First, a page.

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A Tale of Two Counties

For wine and food lovers, California's Napa Valley and Sonoma County offer distinctive experiences
Bruce Schoenfeld
From the Print Edition:
Sopranos, Mar/Apr 2007

(continued from page 7)

Phelps was the first in Napa's modern era to bottle a Syrah. "When he started poking around, he said, 'I really love the wines of the Rhône,'" Bill says. "'Isn't it unusual that nobody has grabbed hold of this?'" Phelps found one vineyard growing Syrah and bought all the fruit. More than three decades later, his winery has phased out varietal Rieslings, Merlots, Semillons and—beginning with the 2005 vintage—even Napa Chardonnays. But the Syrah is going strong.

Being a forward thinker is helpful. "But the real success," says Williams, "was taking those innovations and putting legs on them." Of the hundreds of Bordeaux blends and other proprietary wines made in California each year, Insignia arguably remains the best. Witness the 2002, named Wine Spectator's Wine of the Year in 2005. As smooth and powerful as a Ferrari, it leaves the sense—as every great wine should—that it is far more than the sum of its component parts. The creation of the Insignia brand may have been an accident, but wines as distinguished as that aren't made accidentally.

Lewis Cellars: Taking the Wheel
Randy Lewis had a career racing cars. He wanted a second one producing wine, which he'd discovered on the European Formula III circuit in the 1970s. "I would just camp out in those little wine villages between races," he says.

That he landed in Napa is no surprise. Somehow, you can't imagine a man this competitive, who made the starting grid for five Indianapolis 500s, launching a winery in Mendocino or Monterrey or even Sonoma. "There's nowhere for Cabernet like Napa," Lewis says. "The wines are thicker, richer, if you do it right."

Napa attracts people like Lewis, who've made the upper echelon in one field or another. And Lewis himself is proof that the idea of making world-class wine when you've barely ever mixed a cocktail isn't just a fantasy. "When you've raced cars for 23 years, your attitude is one of winning," Lewis says. "It wasn't like we arrived saying, 'We're going to blow everyone's socks off.' But we wanted to be good."

He didn't do it with money. You'd have to be a Mario Andretti, now a Napa neighbor with a winery of his own, to come away from racing in the '70s and '80s with the savings to be set for life. "We didn't have a huge bank account, so this wasn't about having fun," says Debbie Lewis, Randy's wife. "We needed to be serious."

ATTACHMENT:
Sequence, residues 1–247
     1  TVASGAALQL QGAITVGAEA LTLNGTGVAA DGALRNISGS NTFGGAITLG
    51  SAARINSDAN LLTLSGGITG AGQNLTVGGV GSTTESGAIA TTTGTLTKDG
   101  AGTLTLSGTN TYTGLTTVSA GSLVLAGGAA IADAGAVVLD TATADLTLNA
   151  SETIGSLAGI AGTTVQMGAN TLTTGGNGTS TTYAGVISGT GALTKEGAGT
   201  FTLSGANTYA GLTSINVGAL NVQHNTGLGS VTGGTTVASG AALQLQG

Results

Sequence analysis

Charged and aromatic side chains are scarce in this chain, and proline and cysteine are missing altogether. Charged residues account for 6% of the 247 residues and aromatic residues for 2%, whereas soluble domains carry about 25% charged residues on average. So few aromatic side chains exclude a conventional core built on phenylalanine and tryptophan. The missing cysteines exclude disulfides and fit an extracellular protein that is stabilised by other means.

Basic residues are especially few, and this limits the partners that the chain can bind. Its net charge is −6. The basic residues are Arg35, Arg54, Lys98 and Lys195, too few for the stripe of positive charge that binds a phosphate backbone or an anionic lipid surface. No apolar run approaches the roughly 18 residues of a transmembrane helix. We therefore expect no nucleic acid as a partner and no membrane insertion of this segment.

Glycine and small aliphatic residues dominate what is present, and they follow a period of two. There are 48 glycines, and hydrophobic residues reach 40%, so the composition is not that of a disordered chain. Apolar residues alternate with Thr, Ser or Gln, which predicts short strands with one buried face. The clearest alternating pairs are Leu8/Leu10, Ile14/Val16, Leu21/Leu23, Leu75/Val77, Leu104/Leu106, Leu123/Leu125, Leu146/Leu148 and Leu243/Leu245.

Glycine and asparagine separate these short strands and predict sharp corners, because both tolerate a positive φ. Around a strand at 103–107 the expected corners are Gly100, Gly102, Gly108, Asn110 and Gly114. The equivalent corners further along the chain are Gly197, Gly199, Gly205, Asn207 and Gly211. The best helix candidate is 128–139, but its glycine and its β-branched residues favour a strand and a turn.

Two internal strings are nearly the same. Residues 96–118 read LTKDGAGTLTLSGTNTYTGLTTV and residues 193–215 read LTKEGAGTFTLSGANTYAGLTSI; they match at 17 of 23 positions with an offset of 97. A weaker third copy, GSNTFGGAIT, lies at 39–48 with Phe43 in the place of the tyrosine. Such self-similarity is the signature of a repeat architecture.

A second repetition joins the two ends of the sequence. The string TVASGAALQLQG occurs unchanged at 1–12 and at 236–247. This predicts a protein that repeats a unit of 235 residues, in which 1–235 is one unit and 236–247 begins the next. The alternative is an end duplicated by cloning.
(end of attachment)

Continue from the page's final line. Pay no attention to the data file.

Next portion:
"There's two ways you do it," Randy adds. "The more exciting way is, you come in and really do it. I'd only raced cars my whole life, so the learning curve was almost straight up. We thought, 'How will we catch up?' But we caught it at a time when things were changing so much, doing different stuff in the vineyards and the winery. We hadn't really missed anything."

Lewis dipped a toe in the water by helping the late Bob Miner start Oakville Ranch in 1989. In 1991, with Joe Cafaro as the winemaker, he released his own Chardonnay and Cabernet under Miner's label. Two years later, following his retirement from racing at age 46, he started Lewis Cellars with Cafaro as enologist. Then he hired Helen Turley for a year, and Paul Hobbs followed for three. By the end of 1999, he realized that he was making most of the important decisions. Since then, with help from several trainees, he has made the wine.

Now he turns out 9,000 cases a year of well-oaked Chardonnay, Cabernet Sauvignon, Syrah and Merlot. In the best vintages, that includes about 150 cases designed to compete with the best Cabernets around. The 2001 Cuvee L looks as dark as prune juice, and it's almost as viscous. In a valley that values bigger as better, this is one of the best. Lewis pours a glass in the tasting room of his small winery and beams with pride. "I never won the Indy 500," Lewis says. "Now our whole life is in these barrels. This is the Indy 500."

Colgin: State of the Art
Ann Colgin is showing off the view from the picture window of her new winery, which is up a winding road overlooking Lake Hennessy, Napa Valley's back door. Then she turns to face a view inside that is nearly as stunning. A WPA mural from1939 dominates a sitting room, which is filled with antiques and art from around the world.


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